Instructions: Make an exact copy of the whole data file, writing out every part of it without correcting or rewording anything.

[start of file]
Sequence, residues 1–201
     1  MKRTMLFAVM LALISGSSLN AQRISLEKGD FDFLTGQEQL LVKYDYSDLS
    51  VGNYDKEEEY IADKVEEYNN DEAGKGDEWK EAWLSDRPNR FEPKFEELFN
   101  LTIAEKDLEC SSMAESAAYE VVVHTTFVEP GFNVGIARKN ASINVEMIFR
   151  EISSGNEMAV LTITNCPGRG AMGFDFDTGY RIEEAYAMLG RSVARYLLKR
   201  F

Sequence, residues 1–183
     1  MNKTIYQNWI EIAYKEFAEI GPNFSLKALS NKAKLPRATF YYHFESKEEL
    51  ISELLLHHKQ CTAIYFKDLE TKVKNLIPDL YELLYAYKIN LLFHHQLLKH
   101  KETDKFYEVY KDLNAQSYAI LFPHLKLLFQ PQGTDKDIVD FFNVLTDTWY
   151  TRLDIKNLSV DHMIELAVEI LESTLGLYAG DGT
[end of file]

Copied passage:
Sequence, residues 1–201
     1  MKRTMLFAVM LALISGSSLN AQRISLEKGD FDFLTGQEQL LVKYDYSDLS
    51  VGNYDKEEEY IADKVEEYNN DEAGKGDEWK EAWLSDRPNR FEPKFEELFN
   101  LTIAEKDLEC SSMAESAAYE VVVHTTFVEP GFNVGIARKN ASINVEMIFR
   151  EISSGNEMAV LTITNCPGRG AMGFDFDTGY RIEEAYAMLG RSVARYLLKR
   201  F

Sequence, residues 1–183
     1  MNKTIYQNWI EIAYKEFAEI GPNFSLKALS NKAKLPRATF YYHFESKEEL
    51  ISELLLHHKQ CTAIYFKDLE TKVKNLIPDL YELLYAYKIN LLFHHQLLKH
   101  KETDKFYEVY KDLNAQSYAI LFPHLKLLFQ PQGTDKDIVD FFNVLTDTWY
   151  TRLDIKNLSV DHMIELAVEI LESTLGLYAG DGT